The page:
namespace::local - confine imports to current scope

namespace::clean (along with its cousins namespace::autoclean and namespace::sweep) allows to "forget" imported functions, only making them available for the current package. This is neat.

After looking at the inside of namespace::clean, I thought I could do an inside-out version that would erase imports that come after and not before it. A prototype turned out surprisingly easy to implement.

The usage is as follows:

package My::Package;

sub normal_funtion {
    # no traces of quux exist
};

sub function_with_import {
     use namespace::local;
     use Foo::Bar qw(quux); # some crazy prototyped DSL
     # quux available here
}; 

sub another_normal {
     # no traces of quux exist
};

I have at least one use case where importing a lot of functions into a single scope makes sense.

Do you have more?

Assert::Refute - a unified testing and assertion tool

Unit tests are great. They show that the code was actually designed to a given spec.

Runtime assertions are great. They show that the code is actually running the way it was designed when applied to real data.

Design by contract is a great concept, but it's a bit of an overkill for most projects.

However, sometimes I feel an urge to just rip several lines from a unit test and put them right into production code. Test::More doesn't help here much since my application isn't really meant to output TAP or run in a harness.

So I started out Assert::Refute to narrow the gap:

 # somewhere in production code
 use Assert::Refute qw(:all), { on_fail => 'carp' };

 # in the middle of a large sub
 refute_these {
      isa_ok $some_object, "My::Type", "Correct type detection after decode_json"; 
      is $fee + $price, $total, "Payment parts match";
      like $string, qr/f?o?r?m?a?t?/, "Output is really what we expect it to be";
 };

This would just run silently if everything meets the spec, and would emit a warning with TAP output included it it doesn't.

It is also worth noting that refute_these { ... } returns a report object (similar to Test::Builder, but not a singleton), and that the code block also receives it as first argument. (E.g. one can include more diagnostics if the test is already failing).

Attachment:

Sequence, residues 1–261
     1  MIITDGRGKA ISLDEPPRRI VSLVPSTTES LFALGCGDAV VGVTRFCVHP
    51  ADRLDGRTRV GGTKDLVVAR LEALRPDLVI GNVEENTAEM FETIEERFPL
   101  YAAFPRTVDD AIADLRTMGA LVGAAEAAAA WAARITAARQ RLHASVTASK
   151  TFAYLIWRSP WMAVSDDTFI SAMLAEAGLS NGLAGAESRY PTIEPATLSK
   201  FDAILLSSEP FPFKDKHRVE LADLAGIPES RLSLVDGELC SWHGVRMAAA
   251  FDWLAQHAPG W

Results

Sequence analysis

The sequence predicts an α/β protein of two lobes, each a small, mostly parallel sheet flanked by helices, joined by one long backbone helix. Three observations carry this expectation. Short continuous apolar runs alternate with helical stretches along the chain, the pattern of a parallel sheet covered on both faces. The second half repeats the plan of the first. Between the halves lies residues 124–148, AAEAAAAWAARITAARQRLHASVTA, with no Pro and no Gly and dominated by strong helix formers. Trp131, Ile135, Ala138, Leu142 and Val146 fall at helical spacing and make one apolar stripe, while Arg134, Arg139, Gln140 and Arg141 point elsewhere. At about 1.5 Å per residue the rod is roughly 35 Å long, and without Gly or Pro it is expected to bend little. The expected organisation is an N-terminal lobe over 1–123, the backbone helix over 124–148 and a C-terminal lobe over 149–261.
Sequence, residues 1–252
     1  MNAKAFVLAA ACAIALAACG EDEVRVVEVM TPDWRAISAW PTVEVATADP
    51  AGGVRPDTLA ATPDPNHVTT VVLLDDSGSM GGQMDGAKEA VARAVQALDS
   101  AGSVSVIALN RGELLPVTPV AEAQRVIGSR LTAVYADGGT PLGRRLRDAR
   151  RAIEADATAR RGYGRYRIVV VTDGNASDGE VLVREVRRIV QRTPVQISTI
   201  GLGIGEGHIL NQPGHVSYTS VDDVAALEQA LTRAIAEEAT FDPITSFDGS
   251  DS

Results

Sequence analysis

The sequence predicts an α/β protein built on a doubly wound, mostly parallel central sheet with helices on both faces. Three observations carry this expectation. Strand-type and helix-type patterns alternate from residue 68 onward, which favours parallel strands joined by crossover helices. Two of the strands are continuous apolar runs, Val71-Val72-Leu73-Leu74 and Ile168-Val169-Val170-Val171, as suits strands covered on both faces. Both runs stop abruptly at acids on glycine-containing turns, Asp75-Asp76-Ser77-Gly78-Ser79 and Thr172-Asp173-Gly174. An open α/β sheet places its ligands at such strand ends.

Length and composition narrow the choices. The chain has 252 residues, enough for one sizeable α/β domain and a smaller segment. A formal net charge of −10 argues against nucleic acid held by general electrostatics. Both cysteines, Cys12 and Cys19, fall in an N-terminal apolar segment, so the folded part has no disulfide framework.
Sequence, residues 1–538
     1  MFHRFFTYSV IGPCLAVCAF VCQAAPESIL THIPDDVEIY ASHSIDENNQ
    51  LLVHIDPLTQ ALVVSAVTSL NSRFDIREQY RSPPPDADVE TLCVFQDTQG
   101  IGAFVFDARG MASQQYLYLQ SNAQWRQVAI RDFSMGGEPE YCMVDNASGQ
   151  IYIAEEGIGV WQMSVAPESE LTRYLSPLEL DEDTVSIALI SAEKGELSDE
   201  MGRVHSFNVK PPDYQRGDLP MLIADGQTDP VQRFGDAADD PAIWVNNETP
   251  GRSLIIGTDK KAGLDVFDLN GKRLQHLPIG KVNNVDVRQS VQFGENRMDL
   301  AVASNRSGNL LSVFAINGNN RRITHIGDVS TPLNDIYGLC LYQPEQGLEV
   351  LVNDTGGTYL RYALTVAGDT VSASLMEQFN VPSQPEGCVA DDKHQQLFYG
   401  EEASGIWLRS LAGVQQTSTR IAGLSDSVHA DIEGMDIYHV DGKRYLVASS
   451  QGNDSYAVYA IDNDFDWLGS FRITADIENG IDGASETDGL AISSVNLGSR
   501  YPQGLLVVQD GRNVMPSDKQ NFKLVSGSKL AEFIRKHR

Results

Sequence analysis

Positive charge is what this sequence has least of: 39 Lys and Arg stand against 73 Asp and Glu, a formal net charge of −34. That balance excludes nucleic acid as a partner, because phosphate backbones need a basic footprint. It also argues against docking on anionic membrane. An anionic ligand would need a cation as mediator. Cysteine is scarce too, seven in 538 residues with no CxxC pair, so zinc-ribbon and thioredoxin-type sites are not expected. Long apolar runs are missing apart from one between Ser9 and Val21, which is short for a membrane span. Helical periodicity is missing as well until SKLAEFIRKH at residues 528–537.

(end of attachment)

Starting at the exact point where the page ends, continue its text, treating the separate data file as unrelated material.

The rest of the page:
There is also a subcontract { ... } (not subtest) call for executing a group of checks together.

The rest can be found in documentation.

Why refute?

A successful prove run actually proves nothing. It's only the failures that are meaningful! This is similar to falsifiability concept in modern science: we don't prove a theory in experiment; instead, we try hard to refute it. Same goes for runtime assertions.

So the underlying mechanism of this module is a refute call:

$report->refute ("What exactly went wrong", "Why we care about it");

Although somewhat counterintuitive, it leads to more efficient code than a more common

 ok ("Everything was ok", "Why we care about it")
     or diag "What exactly went wrong";

Extending the arsenal

The package includes a builder to create new checks/conditions. Each such condition would be able to work under Test::More as well, provided that Test::More was loaded earlier than Assert::Refute.

There is also a small library including tests for arrays, hashes, error messages and warnings. It's currently much more scarce than Test::Most.

There is no easy way to import checks based on Test::Builder, but maybe one will be created in the future.

Performance impact

I was able to verify 10K refute_these blocks with 100 passing assertions each in 3.2 seconds on my 4500 bogomips laptop. Assert::Refute is optimized for happy path, for obvious reasons. There's still room for improvement though.

Intended usage

The most obvious use case is working on legacy software where Assert::Refute may act as both a prototype of unit tests and a safety net while in transition.

Still even in new code it may be feasible to know that certain invariants hold in production whatever real data is being processed by the code.

Conclusion

This module is still in development, so feel free to point out what you'd like to see there before it's too entrenched.

MVC::Neaf - Not Even A (Web Application) Framework

Hello everyone, today I'd like to present Neaf [ni:f], a web tool that tries hard to stay out of the way. Initially it was started for my own education. However, the result may be worth looking at even for users of serious stuff like Mojo, Dancer, and Kelp.

The main usage scenarios are perhaps sharing an existing module or script via the network, as well as supplementary tools and admin interfaces.